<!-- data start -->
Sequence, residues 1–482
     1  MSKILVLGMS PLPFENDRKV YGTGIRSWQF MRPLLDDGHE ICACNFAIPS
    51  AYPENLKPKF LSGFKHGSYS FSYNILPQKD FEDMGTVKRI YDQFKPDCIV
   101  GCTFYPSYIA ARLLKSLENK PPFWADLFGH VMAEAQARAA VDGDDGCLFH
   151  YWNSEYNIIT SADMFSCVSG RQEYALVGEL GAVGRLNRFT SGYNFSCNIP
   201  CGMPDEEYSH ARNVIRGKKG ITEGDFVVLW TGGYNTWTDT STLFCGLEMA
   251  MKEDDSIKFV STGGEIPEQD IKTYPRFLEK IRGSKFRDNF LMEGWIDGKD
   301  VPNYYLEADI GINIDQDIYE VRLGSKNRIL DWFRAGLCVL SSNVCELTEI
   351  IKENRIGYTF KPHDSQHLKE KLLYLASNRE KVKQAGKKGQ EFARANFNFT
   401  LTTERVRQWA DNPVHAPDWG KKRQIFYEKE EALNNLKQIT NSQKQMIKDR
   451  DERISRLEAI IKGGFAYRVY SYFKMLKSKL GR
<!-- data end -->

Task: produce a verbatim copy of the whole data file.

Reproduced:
Sequence, residues 1–482
     1  MSKILVLGMS PLPFENDRKV YGTGIRSWQF MRPLLDDGHE ICACNFAIPS
    51  AYPENLKPKF LSGFKHGSYS FSYNILPQKD FEDMGTVKRI YDQFKPDCIV
   101  GCTFYPSYIA ARLLKSLENK PPFWADLFGH VMAEAQARAA VDGDDGCLFH
   151  YWNSEYNIIT SADMFSCVSG RQEYALVGEL GAVGRLNRFT SGYNFSCNIP
   201  CGMPDEEYSH ARNVIRGKKG ITEGDFVVLW TGGYNTWTDT STLFCGLEMA
   251  MKEDDSIKFV STGGEIPEQD IKTYPRFLEK IRGSKFRDNF LMEGWIDGKD
   301  VPNYYLEADI GINIDQDIYE VRLGSKNRIL DWFRAGLCVL SSNVCELTEI
   351  IKENRIGYTF KPHDSQHLKE KLLYLASNRE KVKQAGKKGQ EFARANFNFT
   401  LTTERVRQWA DNPVHAPDWG KKRQIFYEKE EALNNLKQIT NSQKQMIKDR
   451  DERISRLEAI IKGGFAYRVY SYFKMLKSKL GR